The actual name of St. Mary’s is The Church of the Immaculate Conception. (This is the same title that the Blessed Virgin Mary used to identify herself to St. Bernadette at Lourdes in 1858, “I am the Immaculate Conception.”) The first St. Mary’s was built for the German Catholic community in Alton in May 1859. This two-story brick structure was unfortunately destroyed by a tornado in June 1860.
This present building is actually the third St. Mary’s. It was completed in the summer of 1895. It measures approximately 150’ in length and 65’ in width. The tower is about 96’ high. Candles in sconces along the side walls and crosses inscribed in the marble on either side of the entranceway signify it as being a consecrated church. The four “Bells of St. Mary’s” were cast in St. Louis in the early 1880’s and are dedicated, in ascending order of size, to St. Joseph, the Immaculate Conception, St. Theresa of Avila, and St. John the Apostle.
Church altars normally contain a relic(s) of one of the martyrs of the Church. Our high altar contains the relics of the holy martyrs Boniface (he is Patron Saint of Germany) and Maria Anna Jesus de Paradis. The high altar also includes a statue of St. Aloysius Gonzaga on the left and of St. Clare on the right. St. Aloysius is patron saint of youths and therefore was likely installed as a tribute to the young people of the parish. St. Clare is displayed on our altar because of her great devotion to Jesus in the Blessed Sacrament. She is shown holding a “monstrance” (an ornate receptacle for displaying the Holy Eucharist).
St. Mary’s has always been blessed with dedicated pastors. You will still hear people speak with great affection of Monsignor James A. Suddes. Msgr. Suddes was pastor of St. Mary’s from 1954 – 1987 (he also served as assistant pastor at St. Mary’s from 1938 to 1947). For 33 years Monsignor focused on the individuals and families under his care, tending to their spiritual needs selflessly and making sure their children were properly educated. He knew everyone by name. Msgr. Suddes passed away in 1997. Diocesan priests always served St. Mary’s until 1987 when priests and brothers of the religious community of the Oblates of the Virgin Mary were called to serve our parish (the Oblates’ central base in the United States is in Boston). Fr. Jim Walther, O.M.V., is presently St. Mary’s 11th pastor and began serving in this position in January 2002.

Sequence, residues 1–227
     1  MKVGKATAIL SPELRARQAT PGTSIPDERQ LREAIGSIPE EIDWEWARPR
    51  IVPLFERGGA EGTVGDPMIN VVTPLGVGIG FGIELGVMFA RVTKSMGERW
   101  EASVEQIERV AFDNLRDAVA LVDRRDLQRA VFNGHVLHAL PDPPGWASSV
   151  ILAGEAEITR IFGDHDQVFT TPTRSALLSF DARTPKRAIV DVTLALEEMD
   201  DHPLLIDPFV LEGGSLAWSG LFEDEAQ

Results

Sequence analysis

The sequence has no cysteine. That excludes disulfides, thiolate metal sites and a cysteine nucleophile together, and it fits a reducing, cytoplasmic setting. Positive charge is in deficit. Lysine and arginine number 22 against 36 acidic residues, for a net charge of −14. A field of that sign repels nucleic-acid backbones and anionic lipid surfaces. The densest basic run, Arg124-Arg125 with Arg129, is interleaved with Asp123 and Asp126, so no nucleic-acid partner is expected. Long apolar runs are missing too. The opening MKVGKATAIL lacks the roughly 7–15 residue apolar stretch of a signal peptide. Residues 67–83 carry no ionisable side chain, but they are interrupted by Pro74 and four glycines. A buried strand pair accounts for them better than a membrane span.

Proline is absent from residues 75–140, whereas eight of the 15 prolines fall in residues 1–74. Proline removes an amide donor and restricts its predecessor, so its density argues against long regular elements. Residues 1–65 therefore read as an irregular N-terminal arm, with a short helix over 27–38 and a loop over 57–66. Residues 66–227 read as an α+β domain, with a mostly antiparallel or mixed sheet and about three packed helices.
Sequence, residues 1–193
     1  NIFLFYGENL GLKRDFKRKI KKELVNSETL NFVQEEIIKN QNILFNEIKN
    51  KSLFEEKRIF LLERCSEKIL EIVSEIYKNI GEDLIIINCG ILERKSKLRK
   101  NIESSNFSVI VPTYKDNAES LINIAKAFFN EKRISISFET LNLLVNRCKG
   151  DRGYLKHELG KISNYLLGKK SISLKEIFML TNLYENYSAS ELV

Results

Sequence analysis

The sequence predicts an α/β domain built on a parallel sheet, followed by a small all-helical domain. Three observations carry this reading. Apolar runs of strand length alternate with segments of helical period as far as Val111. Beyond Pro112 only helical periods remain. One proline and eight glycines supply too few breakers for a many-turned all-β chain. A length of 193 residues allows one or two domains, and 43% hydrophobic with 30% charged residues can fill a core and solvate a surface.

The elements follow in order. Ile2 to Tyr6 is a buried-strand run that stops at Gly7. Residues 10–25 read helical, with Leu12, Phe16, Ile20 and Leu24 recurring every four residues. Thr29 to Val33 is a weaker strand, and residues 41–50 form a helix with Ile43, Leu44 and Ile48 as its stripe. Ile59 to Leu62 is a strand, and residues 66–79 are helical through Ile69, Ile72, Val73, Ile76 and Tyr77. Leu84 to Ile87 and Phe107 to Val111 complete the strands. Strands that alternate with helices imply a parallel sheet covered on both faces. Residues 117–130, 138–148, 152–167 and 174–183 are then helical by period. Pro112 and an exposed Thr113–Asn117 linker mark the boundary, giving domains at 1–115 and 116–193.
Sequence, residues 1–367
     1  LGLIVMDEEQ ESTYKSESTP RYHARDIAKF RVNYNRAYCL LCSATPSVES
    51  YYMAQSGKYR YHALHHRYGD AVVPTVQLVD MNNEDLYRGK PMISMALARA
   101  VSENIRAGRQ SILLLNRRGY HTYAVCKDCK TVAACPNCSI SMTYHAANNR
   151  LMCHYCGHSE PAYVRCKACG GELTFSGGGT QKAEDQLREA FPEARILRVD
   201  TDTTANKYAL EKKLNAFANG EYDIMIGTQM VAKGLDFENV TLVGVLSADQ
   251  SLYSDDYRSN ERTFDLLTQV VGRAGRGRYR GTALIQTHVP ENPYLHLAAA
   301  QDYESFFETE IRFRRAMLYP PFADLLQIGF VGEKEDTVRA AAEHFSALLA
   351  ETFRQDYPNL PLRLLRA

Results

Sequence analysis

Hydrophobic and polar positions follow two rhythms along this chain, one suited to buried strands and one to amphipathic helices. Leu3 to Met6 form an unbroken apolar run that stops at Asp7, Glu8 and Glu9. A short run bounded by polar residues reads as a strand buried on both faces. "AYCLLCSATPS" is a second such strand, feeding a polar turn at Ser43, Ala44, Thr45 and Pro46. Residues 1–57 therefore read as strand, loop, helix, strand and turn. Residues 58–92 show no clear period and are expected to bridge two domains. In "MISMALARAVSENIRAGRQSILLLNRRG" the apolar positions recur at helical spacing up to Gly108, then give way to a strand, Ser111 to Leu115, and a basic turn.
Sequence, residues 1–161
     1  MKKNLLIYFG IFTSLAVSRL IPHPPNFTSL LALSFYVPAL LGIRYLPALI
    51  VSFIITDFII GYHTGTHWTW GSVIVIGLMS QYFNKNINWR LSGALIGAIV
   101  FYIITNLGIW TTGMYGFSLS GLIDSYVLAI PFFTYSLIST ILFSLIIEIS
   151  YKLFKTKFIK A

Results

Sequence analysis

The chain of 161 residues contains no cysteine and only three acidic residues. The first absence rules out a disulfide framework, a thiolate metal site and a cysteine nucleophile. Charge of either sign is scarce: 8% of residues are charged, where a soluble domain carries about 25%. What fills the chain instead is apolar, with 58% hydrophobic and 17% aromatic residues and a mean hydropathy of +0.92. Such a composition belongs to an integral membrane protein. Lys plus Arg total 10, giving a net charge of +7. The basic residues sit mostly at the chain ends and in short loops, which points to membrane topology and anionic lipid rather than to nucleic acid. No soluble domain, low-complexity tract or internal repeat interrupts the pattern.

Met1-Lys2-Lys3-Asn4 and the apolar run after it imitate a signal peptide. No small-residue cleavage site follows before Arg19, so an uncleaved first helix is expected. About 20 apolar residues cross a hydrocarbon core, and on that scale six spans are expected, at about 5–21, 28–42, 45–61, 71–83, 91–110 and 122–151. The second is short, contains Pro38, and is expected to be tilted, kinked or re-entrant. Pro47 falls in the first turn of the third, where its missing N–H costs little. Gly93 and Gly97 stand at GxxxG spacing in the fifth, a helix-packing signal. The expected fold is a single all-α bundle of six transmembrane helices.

Music has always been integral to the history of St. Mary’s. At no time throughout its history has St. Mary’s been without a choir. At some points in time it boasted of several choirs. In 1923 St. Mary’s was most fortunate in securing the services of Professor Max Hiendlmayr upon his arrival from Germany in 1923. He served in this position throughout the rest of his life. For many years he was not only the organist, but also the choir director and composer of much of its music. Most noted among his compositions was his “Mass of the Immaculate Conception,” based on the theme of Shubert’s Ave Maria. He died in 1972. Ken and Jean Conrady then served for 33 years as organist and choir director. They recently retired, but still regularly lend their services to our liturgies. Our new choir director is Mrs. Anna Haine and she is assisted by several dedicated organists and pianists. Midnight Mass on Christmas Eve is always a glorious experience with our choir and musicians.
Located directly outside and behind our church is a small replica of the Grotto in Lourdes, France, where the Virgin Mary appeared to St. Bernadette in 1858. Our grotto was built and dedicated to all those in the parish who served in World War II. At certain times of the year, St. Mary’s holds communal rosary services at the Grotto, and each May the children of St Mary’s “crown” this statue of our Mother at the grotto.